VRIT is the first academic clinic that is dedicated to therapeutic immersive technologies. They are focused on helping patients who have experienced trauma and have sensory, motor, and cognitive symptoms. Dr Kim Bullock a neuropsychiatrist at Stanford University has been using the HTC Vive as treatment to chronic pain problems since 2016 and has expanded the research to other areas of clinical healthcare. Pain therapy is the idea is that the worst pain can be alleviated by manipulating the way the human mind works: the more you concentrate on pain, the worse it becomes. Overload the brain with sensory inputs such as with virtual reality – and its capacity to process pain and to be conscious of it, goes down.

     

    Consumer Market

    At the moment consumer apps generally focus on fitness and wellness. Users now have a choice of more than 20 meditation based applications on the Steam VR store for the HTC Vive. Similar apps are also widely available for the Samsung Gear VR and Oculus Rift. Apps like DunkTank VR don’t even require an expensive headset and are compatible with cardboard headsets that use your smartphone. Mobile VR has it’s limitations with users generally being guided through experiences that aren’t exactly immersive and don’t have much interaction involved but as the premium headsets such as the HTC Vive and Oculus Rift become cheaper and more accessible to the general population there will likely be a significant growth in wellness apps that offer better interaction – and a more tempting reason for users to consider trying meditation and other wellness practices.

    Disposable Hygiene Cover

    Hygiene

    Virtual and Augmented Reality is in its youth and still has many hurdles to overcome before it’s adopted by the masses. 2017 has seen the prices of major headsets drop, making them more accessible to consumers and to healthcare providers. One of the challenges that VR Cover seeks to solve is hygiene. Using a VR device involves pressing equipment to your face, sometimes for long periods of time which can mean bacteria and dirt is easily transferred between users.

    In 2016 reports emerged of users catching pink eye after being to a virtual reality exhibition. Although the cause couldn’t be definitively identified it has shown the dangers of spreading germs and made users more aware of hygiene issues.

    VR Cover have developed several solutions included replaceable, sanitizable PU leather foam replacements that are suitable for healthcare environments. However, it’s the recent release of Disposable Covers that has really helped. The disposable covers are a convenient and cost effective way for hospitals to share VR equipment between users without having to worry about the spread of germs and bacteria. The disposable covers are designed for the HTC Vive however will also work with the Oculus Rift and Samsung Gear VR, they attach to the headset with an adhesive ensuring a secure fit with no distractions for the user.

    Disposable Hygiene Covers are now available for purchase starting at $15.00 for the Starter Kit.

    Hygiene covers for VR virtual reality headsets

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  • Introducing Disposable Hygiene Covers for the HTC Vive

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    Today we’re really happy to announce a new step forward for a cleaner, more hygienic VR Experience. The Disposable Hygiene Covers for the HTC Vive are a game-changer when it comes to hygiene, comfort and convenience.

    Unlike the paper ninja-masks that are available, these covers stick to the headset rather than your face. The problem with ninja-masks is that they easily move around and become distracting, they also don’t help with sweat at all.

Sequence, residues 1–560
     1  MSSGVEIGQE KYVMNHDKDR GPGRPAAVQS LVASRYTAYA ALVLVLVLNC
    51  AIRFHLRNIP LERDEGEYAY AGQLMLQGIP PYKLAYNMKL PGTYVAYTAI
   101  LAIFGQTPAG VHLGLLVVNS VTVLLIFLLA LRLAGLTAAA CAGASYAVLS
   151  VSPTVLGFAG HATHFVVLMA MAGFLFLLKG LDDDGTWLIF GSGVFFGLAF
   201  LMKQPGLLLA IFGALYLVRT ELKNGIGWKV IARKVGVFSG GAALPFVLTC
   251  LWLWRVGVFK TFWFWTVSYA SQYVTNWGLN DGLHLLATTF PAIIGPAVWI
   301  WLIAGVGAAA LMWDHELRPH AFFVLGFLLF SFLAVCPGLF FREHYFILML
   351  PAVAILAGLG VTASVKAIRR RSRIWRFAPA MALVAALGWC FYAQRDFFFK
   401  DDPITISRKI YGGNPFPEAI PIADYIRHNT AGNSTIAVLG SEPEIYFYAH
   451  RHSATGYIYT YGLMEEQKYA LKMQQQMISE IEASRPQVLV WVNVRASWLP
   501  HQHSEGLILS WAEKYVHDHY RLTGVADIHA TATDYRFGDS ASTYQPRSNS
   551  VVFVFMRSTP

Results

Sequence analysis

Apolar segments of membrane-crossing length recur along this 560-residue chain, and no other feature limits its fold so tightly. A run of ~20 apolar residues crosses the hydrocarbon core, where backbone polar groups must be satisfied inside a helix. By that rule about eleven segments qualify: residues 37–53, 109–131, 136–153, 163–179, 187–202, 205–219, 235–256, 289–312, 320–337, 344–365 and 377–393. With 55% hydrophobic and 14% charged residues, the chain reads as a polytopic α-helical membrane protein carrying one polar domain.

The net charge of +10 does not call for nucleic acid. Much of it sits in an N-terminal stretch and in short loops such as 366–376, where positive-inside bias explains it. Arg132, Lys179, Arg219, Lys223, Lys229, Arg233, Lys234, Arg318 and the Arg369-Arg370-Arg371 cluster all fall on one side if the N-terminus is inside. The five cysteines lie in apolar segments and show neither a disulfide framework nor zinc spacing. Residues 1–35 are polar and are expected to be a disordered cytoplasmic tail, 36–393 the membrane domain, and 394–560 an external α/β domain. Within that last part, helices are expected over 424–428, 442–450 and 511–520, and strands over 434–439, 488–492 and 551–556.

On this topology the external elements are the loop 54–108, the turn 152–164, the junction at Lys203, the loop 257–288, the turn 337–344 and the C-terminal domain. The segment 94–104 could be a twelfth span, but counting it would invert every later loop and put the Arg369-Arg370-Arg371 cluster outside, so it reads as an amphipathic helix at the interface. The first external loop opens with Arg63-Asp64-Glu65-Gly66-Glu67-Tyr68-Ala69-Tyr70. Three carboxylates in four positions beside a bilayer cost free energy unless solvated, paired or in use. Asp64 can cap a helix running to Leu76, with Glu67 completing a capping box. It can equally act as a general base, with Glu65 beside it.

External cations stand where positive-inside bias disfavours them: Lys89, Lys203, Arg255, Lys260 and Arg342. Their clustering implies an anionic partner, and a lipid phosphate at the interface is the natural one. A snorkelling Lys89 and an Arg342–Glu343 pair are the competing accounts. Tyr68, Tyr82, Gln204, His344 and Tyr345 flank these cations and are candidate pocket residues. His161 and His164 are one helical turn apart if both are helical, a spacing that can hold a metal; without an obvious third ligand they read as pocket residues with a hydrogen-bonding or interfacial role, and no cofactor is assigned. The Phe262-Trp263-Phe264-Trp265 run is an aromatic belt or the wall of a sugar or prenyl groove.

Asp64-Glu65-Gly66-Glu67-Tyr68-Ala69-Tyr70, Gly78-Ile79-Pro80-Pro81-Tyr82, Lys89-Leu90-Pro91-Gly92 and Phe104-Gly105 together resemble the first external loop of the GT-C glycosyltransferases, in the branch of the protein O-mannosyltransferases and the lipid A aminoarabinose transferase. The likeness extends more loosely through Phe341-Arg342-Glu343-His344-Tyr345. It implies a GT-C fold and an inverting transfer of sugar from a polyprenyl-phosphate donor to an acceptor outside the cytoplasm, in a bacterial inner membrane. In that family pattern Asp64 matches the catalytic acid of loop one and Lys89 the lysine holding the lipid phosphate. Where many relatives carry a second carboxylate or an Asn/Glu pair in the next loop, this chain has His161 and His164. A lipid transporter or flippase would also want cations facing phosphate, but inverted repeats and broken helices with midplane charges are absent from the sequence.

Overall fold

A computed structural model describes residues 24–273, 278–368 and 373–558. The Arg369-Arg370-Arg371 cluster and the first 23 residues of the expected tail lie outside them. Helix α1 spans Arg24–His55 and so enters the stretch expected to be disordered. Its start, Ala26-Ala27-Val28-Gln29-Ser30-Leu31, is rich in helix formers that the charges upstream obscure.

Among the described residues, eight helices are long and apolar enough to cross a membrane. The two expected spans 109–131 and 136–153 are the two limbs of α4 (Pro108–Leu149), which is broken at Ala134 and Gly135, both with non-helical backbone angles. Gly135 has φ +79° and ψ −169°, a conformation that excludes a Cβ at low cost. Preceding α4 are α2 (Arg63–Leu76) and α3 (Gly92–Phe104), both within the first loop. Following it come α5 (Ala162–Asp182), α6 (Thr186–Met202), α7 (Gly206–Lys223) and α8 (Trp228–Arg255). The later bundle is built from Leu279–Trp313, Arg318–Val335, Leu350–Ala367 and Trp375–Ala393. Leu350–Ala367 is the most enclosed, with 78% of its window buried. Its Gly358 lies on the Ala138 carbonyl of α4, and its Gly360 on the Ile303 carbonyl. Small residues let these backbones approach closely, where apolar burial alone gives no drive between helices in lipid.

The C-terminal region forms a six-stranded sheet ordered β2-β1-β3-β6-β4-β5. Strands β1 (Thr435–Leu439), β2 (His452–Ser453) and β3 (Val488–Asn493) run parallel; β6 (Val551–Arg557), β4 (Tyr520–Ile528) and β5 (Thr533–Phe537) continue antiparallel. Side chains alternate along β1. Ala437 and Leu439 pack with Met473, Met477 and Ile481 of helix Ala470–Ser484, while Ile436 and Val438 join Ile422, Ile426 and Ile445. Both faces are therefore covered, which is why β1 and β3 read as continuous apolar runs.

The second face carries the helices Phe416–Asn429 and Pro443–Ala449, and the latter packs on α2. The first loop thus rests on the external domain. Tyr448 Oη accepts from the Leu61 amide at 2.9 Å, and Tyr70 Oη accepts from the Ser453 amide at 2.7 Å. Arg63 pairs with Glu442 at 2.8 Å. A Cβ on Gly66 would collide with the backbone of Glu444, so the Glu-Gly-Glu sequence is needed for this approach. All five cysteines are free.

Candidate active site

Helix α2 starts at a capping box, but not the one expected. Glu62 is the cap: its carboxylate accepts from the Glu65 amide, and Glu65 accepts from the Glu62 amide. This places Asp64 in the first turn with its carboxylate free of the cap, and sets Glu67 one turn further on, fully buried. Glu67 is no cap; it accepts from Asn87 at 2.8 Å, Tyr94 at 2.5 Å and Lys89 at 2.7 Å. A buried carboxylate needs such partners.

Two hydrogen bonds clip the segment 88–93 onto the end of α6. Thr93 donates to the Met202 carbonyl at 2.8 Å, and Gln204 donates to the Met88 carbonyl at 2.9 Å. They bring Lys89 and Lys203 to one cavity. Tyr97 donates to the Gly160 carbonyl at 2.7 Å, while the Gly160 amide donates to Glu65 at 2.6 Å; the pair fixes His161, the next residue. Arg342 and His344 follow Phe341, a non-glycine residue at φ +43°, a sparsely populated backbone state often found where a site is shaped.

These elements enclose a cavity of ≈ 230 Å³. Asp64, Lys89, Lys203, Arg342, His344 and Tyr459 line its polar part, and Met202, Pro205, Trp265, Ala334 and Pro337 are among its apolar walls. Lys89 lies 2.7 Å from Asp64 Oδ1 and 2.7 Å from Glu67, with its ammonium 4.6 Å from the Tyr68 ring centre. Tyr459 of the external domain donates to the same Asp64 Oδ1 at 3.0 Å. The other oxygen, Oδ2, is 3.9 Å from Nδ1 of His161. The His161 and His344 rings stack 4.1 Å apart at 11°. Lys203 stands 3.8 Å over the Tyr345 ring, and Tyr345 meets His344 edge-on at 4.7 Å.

Our new Disposable Hygiene Covers use an adhesive back that sticks to our HTC Vive Base Foam. It makes sharing the Vive comfortable, clean and convenient. They are produced with a special moisture absorbing material so you don’t need to worry about sweat dripping down your face, or even worse dripping inside the headset. This is going to make life much easier if you like to work out in VR. Disposable covers are also perfect for events, exhibitions and VR arcades

    The Starter Kit is now available in sets containing 10, 25, 50 or 100 covers and includes the new HTC Vive Base Foam.

     

    How to attach the Disposable Hygiene Cover

    Disposable Hygiene Cover

    Disposable Hygiene Cover

    Disposable Hygiene Covers Close up

     

     

     

     

     

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  • Oculus Rift cotton covers now available in Red & Blue!

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    You can now customize your Oculus Rift more than ever before with our cotton covers now available in red and blue. The cotton covers are a simple hygiene solution that help to absorb sweat and prevent the stock Rift interface becoming too dirty. All covers are compatible with our Rift Facial Interface sets and are available to purchase now at $19.00 for a set containing 2 covers.

     

    Oculus Rift VR Cover Blue – $19.00

    Oculus RIft VR Cover Blue

     

    Oculus Rift VR Cover Red – $19.00

    Oculus RIft VR Cover Red

     

     

     

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  • New HTC Vive Covers in Red, Black and Blue

    HTC Vive Covers in Red blue and black

     

    Summer’s approaching so it’s a perfect time to upgrade your headset with one of our new cotton covers. As the temperature rises your Vive is going to get much sweatier and while our PU leather foam replacements are great for sharing with friends, if you regularly use your Vive for long periods of time it’s nice to have some soft absorbent material between your face and the headset. Cotton covers are now available in red as well of blue and we introduce a new premium fabric the ‘Velour Black’ cover for the most comfortable experience yet.

     

    HTC Vive VR Cover Velour Black – $24.00

    HTC Vive Velour Black

     

    HTC Vive VR Cover Red – $19.00

    VRC-Red

    HTC Vive VR Cover Blue – $19.00

    Happy vr-ing,

    VR Cover Team